Bankruptcy Today-How To File Bankruptcy

Filing for bankruptcy can be a long and tedious procedure, with mountains of paperwork to overcome and a lot of hassles to face. Once you've decided that bankruptcy is your only option to financial freedom, what can you expect?

Credit Counseling:

Under the Bankruptcy Abuse Prevention and Consumer Protection Act ("BAPCPA") of 2005, every person filing bankruptcy in the United States must first undergo extensive credit counseling with a court-approved counseling service.

A Big Decision:

You may have thought that deciding to file for bankruptcy was the biggest decision you'd have to make. Wrong! Next, you must decide which type of bankruptcy to file: Chapter 7 (which is a straight or liquidation bankruptcy that clears you of all your debt), or Chapter 13 (which is a repayment plan). Those wishing to file Chapter 7, must prove to the courts that they make under the average income in their state and can not repay their debt, regardless of any repayment plans devised by the courts.

Hiring a Lawyer:

It may seem stupid to pay high legal fees at a time when you're trying to get rid of your debt, not take on even more, but most financial experts agree that a good bankruptcy lawyer can save you even more in time and money. They know the laws in your state better than anyone and may be able to advise you to things you would have never known about otherwise. Besides, once you retain a lawyer, all creditors must go through his office. They are no longer permitted by law to contact you regarding unpaid debt.

A Meeting with Your Creditors:

Once your lawyer submits your bankruptcy petition to the courts, you will be notified of your date for a meeting of creditors (or a "341 meeting," named after the section of the Bankruptcy Code requiring it). This meeting is a way for you to prove to your creditors that you have answered honestly to all of their inquiries and that you completely understand the entire bankruptcy procedure and how it may affect you in the future. Your lawyer will ask you to list all of your assets for your creditors to review.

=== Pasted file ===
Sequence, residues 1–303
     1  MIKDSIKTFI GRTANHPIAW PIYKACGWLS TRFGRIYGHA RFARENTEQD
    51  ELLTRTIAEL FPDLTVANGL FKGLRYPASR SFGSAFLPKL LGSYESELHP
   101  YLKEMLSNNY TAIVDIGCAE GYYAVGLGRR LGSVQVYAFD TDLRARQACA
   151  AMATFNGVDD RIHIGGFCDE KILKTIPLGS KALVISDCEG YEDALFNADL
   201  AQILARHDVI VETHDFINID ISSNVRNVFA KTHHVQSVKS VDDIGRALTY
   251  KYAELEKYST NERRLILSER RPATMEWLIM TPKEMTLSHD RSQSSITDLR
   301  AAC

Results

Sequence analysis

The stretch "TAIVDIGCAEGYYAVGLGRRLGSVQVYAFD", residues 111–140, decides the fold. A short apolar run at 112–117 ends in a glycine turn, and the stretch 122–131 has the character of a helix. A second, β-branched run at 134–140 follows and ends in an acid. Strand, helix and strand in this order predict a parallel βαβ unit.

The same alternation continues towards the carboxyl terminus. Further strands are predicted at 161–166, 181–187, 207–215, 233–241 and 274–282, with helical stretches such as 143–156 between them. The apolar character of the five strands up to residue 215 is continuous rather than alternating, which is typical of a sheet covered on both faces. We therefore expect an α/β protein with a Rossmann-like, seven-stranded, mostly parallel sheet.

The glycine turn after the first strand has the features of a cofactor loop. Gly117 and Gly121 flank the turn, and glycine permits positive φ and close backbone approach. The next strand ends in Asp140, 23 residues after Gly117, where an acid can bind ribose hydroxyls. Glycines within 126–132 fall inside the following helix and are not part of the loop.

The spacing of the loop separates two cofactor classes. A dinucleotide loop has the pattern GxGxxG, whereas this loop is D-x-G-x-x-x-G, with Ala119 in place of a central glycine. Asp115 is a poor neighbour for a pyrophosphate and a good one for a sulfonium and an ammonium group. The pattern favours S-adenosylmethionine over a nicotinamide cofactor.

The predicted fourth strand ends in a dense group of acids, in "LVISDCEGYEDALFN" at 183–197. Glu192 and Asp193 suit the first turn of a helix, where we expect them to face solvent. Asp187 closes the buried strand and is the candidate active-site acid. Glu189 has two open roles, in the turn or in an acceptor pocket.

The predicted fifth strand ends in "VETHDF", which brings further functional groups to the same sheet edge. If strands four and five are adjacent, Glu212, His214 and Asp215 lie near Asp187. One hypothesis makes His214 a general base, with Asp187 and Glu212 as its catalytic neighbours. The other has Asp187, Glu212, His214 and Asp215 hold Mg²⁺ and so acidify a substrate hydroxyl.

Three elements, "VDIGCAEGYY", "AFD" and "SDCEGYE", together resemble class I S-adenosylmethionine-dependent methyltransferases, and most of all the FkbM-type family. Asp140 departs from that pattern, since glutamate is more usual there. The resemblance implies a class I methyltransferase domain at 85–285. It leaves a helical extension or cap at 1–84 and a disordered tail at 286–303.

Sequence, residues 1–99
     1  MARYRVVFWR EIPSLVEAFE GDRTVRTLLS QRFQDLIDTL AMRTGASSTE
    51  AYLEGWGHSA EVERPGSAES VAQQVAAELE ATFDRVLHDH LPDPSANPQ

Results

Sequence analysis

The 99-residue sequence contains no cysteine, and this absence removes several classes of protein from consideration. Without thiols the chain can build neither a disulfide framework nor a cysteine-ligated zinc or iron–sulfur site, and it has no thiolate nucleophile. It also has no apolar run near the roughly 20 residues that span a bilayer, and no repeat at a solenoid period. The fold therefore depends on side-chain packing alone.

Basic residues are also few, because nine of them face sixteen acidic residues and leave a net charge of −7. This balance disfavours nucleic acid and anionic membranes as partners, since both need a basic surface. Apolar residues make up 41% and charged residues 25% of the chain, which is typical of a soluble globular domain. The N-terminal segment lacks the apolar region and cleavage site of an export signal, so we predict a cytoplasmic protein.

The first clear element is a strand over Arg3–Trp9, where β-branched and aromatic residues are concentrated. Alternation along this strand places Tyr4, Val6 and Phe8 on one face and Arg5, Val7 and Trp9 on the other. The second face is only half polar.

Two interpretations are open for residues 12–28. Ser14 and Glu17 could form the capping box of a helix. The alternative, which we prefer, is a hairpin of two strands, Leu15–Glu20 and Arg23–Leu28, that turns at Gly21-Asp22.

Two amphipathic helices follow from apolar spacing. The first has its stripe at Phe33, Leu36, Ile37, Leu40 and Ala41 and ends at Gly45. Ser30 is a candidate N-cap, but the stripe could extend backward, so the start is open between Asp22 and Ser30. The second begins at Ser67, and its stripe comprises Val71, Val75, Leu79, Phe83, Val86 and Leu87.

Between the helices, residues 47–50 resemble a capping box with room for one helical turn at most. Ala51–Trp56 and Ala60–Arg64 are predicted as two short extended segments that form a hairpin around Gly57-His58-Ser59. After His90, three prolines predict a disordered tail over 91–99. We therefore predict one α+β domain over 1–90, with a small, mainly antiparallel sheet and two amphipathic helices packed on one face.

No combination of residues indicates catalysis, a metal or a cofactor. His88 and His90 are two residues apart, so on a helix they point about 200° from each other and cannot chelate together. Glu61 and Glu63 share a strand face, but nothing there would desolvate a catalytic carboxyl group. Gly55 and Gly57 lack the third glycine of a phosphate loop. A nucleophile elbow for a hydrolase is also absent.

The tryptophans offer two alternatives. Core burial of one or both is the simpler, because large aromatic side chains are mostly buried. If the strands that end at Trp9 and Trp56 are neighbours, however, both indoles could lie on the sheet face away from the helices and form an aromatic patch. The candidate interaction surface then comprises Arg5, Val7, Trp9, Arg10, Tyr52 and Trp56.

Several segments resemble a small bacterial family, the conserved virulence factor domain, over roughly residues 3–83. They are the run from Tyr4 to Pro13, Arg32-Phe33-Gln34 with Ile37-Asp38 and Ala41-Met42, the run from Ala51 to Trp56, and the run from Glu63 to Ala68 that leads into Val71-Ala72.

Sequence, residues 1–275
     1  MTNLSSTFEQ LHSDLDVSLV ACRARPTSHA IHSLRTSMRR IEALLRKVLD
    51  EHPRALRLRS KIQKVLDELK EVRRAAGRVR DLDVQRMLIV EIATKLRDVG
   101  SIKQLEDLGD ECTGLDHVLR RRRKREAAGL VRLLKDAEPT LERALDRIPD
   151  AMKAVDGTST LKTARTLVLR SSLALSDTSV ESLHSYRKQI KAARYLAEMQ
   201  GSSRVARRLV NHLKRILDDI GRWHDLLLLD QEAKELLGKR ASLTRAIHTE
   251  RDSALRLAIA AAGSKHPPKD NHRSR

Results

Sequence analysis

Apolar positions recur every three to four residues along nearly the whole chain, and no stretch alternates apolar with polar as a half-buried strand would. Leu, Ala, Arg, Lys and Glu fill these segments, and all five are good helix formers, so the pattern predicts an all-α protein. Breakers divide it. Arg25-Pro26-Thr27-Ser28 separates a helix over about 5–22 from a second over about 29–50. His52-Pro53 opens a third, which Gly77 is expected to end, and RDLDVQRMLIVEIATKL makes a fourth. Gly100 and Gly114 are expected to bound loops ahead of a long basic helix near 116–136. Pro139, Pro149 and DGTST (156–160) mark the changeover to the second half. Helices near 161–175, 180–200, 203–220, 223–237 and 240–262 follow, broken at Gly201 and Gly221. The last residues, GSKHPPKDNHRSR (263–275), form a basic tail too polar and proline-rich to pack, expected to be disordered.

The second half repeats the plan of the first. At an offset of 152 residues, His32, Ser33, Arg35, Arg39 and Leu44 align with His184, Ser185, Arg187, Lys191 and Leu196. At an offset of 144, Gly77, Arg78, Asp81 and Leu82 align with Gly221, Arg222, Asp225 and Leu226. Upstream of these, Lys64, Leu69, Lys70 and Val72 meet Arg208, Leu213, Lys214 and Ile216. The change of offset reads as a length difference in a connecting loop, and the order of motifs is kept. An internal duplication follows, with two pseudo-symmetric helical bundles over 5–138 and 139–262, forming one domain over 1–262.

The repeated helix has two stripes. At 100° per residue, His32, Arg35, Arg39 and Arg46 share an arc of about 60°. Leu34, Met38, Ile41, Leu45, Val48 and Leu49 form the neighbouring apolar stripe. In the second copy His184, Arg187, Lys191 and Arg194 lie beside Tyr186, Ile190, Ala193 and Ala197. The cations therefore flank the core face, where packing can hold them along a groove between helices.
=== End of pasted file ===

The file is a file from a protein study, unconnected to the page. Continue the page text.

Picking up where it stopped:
The Inability to Use Your Credit Cards:

If you are thinking about filing a bankruptcy case, stop using your credits cards immediately! If you continue to charge items even though you intend to file for bankruptcy, a creditor can challenge the discharge of the debt owed or even your right to discharge any debt.

Liquidating Assets:

In a chapter 7 case, the trustee will determine whether or not there are assets that can be liquidated and used to repay your creditors.If you're filing Chapter 13 bankruptcy you may be allowed to retain ownership of your assets, as long as you can devise a 3 to 5 year repayment plan to repay your debt.

Waiting For Your Creditors to Respond:

Your creditors have 60 days after your meeting to challenge the discharge of a particular debt or your entire discharge. If no such lawsuits are filed, shortly after that 60th day you will receive notification of a discharge of debt if you filed chapter 7. If you filed chapter 13 bankruptcy, discharge notice will be given about two months after you make your final payment.

Remember, not all debt is excused under either form of bankruptcy including student loans and certain taxes, so you may not be completely relieved of the obligation to repay all debt. So be certain that filing bankruptcy truly is the right decision.


United States Bankruptcy Courts Each of the 94 federal judicial districts handles bankruptcy matters, and in almost all districts, bankruptcy cases are filed in the bankruptcy court...

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